Some scholars collapse many of these dimensions into one, while others emphasize some dimen-
sions at the expense of others. Kaldor (fn. 7) seems to compare new civil wars with old conventional
v54.i1.099.kalyvas 12/5/01 10:03 AM Page 101
1. Old civil wars were political and fought over collectively articulated, broad,
even noble causes, such as social change—often referred to as “justice”. By con-
trast, new civil wars are criminal and are motivated by simple private gain—
greed and loot.
2. At least one side in old civil wars enjoyed popular support; political actors
in new civil wars lack any popular basis.
3. In old civil wars acts of violence were controlled and disciplined, especially
when committed by rebels; in new civil wars gratuitous and senseless violence is
meted out by undisciplined militias, private armies, and independent warlords
for whom winning may not even be an objective.
Taking into account the broad causes of civil wars and the individual
motivations of their combatants, many scholars implicitly hold that old
civil wars were motivated by broad, well-defined, clearly articulated,
universalistic, ideologies of social change,
whereas, new civil wars tend
to be motivated by concerns that often boil down to little more than
simple private gain. Recent work by economists is premised on a
dichotomous distinction between grievance and greed—rebels are
either bandits motivated by private greed or are political actors seeking
to ameliorate collective grievance.
UN Secretary-General Kofi Annan
recently pointed out that “the pursuit of diamonds, drugs, timber,
wars. Keen (fn. 7) argues that looting generates “rational” rather than gratuitous violence. The claim
that new civil wars are motivated by looting is sometimes made in contradistinction to their purported
ethnic motivation—while sometimes ethnic motivations and looting are merged. For the former view
see Kofi Annan, “Facing the Humanitarian Challenge: Towards a Culture of Prevention,” UNDPI (New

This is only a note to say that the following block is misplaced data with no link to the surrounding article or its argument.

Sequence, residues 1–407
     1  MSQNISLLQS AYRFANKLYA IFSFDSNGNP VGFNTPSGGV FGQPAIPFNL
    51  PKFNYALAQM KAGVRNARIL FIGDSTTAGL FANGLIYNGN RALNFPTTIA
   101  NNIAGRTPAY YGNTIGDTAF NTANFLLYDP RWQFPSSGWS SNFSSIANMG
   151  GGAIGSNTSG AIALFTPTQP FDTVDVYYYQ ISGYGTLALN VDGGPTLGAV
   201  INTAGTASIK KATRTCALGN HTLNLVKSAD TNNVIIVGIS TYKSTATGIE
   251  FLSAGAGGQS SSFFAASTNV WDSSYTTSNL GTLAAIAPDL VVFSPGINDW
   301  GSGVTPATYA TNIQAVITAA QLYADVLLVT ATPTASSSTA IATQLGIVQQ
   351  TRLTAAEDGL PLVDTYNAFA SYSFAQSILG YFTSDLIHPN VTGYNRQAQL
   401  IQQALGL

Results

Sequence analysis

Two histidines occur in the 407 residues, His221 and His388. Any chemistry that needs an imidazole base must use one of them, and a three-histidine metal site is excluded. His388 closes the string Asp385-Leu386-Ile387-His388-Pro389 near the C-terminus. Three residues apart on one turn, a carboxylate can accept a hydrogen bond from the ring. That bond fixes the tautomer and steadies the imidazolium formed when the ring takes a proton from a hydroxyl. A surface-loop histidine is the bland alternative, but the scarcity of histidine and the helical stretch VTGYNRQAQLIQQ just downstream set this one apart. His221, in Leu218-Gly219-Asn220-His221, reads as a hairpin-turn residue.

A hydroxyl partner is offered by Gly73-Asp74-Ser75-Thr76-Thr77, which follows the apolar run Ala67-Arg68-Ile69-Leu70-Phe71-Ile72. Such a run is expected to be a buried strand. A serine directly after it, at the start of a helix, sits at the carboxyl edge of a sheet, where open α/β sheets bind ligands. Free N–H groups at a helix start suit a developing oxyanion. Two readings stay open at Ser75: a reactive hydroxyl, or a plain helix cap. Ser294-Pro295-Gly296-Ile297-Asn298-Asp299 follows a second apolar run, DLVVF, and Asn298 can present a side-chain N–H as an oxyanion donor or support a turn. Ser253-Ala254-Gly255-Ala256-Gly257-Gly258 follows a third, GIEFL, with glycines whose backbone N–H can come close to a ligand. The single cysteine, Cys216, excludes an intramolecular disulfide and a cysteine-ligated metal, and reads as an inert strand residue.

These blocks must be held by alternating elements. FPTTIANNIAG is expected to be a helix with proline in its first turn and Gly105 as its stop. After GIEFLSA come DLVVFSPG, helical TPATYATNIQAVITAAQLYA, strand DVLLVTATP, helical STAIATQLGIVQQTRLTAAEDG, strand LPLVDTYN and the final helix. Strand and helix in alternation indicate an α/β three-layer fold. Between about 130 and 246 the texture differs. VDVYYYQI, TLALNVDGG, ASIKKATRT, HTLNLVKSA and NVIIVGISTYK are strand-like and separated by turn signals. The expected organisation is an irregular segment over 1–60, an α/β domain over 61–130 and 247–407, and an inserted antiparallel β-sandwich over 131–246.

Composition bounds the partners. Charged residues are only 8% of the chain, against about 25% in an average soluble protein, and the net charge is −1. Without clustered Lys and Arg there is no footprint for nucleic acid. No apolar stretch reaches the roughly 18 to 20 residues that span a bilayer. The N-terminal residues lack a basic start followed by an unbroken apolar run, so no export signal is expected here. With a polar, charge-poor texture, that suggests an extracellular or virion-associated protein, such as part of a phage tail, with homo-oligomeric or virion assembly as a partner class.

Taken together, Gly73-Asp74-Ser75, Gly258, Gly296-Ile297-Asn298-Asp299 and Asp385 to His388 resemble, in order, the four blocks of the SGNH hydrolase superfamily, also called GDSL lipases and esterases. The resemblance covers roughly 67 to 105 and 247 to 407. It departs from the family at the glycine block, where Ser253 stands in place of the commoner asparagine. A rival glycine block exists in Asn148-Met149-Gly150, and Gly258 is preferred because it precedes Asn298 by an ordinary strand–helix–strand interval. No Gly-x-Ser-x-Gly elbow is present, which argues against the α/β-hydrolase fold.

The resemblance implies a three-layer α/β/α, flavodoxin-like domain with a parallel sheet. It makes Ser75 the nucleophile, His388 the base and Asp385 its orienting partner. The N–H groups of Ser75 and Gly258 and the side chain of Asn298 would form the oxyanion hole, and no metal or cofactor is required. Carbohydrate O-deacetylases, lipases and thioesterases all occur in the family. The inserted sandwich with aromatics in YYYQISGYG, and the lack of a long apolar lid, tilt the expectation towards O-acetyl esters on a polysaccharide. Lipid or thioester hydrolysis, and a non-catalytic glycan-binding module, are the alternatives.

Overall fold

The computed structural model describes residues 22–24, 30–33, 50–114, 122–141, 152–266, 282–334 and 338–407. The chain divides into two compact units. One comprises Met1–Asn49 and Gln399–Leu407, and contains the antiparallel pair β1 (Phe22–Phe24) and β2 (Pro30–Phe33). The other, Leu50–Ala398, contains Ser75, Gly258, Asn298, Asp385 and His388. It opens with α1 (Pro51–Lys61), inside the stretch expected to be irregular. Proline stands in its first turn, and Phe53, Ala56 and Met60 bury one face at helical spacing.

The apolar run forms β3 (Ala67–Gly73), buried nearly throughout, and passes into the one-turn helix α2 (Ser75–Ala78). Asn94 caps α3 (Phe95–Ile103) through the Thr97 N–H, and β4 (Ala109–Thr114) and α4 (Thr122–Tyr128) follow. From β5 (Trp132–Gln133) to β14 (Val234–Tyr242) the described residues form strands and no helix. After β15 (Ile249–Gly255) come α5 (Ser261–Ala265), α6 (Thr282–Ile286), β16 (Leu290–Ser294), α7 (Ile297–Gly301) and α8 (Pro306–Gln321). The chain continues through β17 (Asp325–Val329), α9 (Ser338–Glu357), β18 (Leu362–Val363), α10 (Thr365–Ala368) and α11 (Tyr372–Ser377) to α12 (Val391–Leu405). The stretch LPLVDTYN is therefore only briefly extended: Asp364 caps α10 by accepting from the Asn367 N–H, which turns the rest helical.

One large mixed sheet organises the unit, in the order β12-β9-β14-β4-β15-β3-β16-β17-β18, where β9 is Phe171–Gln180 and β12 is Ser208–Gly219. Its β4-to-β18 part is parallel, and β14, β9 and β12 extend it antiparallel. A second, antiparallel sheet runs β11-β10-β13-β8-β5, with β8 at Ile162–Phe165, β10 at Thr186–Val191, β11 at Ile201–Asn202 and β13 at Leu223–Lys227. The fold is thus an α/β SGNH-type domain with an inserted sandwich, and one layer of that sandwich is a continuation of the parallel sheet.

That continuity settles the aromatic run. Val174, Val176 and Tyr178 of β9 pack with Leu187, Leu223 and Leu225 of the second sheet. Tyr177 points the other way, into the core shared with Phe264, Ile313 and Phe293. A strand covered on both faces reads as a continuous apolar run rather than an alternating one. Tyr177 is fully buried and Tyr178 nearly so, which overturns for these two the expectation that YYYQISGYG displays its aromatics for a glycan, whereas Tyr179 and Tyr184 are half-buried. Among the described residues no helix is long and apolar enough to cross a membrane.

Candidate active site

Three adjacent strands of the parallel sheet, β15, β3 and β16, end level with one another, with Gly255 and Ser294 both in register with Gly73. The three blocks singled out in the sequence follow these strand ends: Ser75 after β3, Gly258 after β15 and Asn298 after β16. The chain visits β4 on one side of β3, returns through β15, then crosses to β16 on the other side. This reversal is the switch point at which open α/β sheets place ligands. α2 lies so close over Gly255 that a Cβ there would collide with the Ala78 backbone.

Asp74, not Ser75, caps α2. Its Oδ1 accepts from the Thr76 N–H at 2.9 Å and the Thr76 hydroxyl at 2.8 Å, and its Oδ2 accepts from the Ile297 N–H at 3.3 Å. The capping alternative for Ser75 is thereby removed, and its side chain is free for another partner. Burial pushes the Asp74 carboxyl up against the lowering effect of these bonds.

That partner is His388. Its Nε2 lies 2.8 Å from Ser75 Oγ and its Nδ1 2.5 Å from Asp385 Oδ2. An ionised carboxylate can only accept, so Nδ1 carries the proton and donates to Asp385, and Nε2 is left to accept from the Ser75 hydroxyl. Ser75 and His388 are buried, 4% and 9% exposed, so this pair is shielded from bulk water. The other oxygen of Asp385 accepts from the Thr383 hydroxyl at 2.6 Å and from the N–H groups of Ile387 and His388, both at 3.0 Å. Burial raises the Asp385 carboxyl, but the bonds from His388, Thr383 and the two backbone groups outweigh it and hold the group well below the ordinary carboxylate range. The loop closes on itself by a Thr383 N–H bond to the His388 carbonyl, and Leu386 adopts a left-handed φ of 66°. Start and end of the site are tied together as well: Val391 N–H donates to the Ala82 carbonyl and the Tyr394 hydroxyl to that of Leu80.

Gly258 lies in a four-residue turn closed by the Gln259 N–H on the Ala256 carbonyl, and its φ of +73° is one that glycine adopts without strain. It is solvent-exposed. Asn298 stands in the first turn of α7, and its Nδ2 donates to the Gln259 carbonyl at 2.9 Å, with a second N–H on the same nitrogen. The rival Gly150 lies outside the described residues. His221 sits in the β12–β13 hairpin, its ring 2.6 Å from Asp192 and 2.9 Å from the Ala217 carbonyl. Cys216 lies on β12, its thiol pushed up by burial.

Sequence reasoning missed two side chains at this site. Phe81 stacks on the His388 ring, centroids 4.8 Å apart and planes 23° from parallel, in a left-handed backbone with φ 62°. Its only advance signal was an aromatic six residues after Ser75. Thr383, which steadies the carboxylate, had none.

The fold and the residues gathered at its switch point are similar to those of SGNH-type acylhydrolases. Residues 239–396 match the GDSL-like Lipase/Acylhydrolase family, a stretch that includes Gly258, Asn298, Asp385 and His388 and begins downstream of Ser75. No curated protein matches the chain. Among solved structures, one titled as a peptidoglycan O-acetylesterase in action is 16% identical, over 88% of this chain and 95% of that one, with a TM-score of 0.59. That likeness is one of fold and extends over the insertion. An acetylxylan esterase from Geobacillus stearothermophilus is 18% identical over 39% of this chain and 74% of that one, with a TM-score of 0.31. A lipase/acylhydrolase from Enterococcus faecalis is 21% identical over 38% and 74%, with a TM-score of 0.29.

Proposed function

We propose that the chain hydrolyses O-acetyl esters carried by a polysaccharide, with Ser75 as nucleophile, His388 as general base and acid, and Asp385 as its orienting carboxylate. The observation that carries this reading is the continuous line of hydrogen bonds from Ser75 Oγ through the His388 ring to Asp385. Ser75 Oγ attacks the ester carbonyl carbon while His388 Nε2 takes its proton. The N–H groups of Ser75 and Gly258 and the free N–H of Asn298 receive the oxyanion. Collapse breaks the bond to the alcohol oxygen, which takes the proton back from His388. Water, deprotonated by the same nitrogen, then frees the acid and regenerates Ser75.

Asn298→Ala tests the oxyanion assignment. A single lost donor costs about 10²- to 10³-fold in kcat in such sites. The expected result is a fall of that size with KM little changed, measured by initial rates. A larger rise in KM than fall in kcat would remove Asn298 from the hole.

York, 1999); for the latter view see John Mueller, “The Banality of ‘Ethnic War,’ ” International Security
25, no. 1 (2000).
Kaldor (fn. 7), 6.
Collier and Hoeffler, 2000 (fn. 8), 2–3; Collier (fn. 8); Collier and Collier and Hoeffler produce a
number of mixed greed-grievance models in which rebellion begins as a collective grievance and is sus-
tained by greed. All models, however, presuppose this dichotomous distinction. According to a World
Bank Press Release: “New World Bank research suggests that civil wars are more often fueled by rebel
groups competing with national governments for control of diamonds, coffee, and other valuable pri-
mary commodities, rather than by political, ethnic, or religious differences…‘Civil wars are far more
likely to be caused by economic opportunities than by grievance, and therefore certain rebel groups
benefit from the conflict and have a very strong interest in initiating and sustaining it,’ says [Paul] Col-
lier.” World Bank, “Greed for Diamonds and Other ‘Lootable’ Commodities Fuels Civil Wars” (News
Release 2000/419/S,, accessed April 20, 2001).
Old Civil Wars New Civil Wars
Causes & motivation collective grievances private loot
Support broad popular support lack of popular support
Violence controlled violence gratuitous violence
v54.i1.099.kalyvas 12/5/01 10:03 AM Page 102
concessions and other valuable commodities drives a number of today’s
internal wars. In some countries the capacity of the State to extract
resources from society and to allocate patronage is the prize to be
fought over.
The criminal metaphor takes many forms. For Enzens-
berger, competing factions in new civil wars are “warrior gangs.”
plan describes civil wars in Africa as criminal actions by bandits and
disenfranchised soldiers, teenage hooligans, and child-soldiers on
Some even argue that new civil wars lack purpose entirely. As En-
zensberger argues: “What gives today’s civil wars a new and terrifying
slant is the fact that they are waged without stakes on either side, that
they are wars about nothing at all.”
Further, “there is no longer any
need to legitimize your actions. Violence has been freed from ideology,”
and the combatants have an innate inability to think and act in terms of
past and future.
Such arguments, however, are often based on incomplete or biased
evidence derived from journalistic reports that tend to quote uncriti-
cally city-dwellers and members of progovernmental organizations.
Fieldworkers have described such views as paying “scant regard to the
insurgents’ own claims concerning the purpose of their movement . . .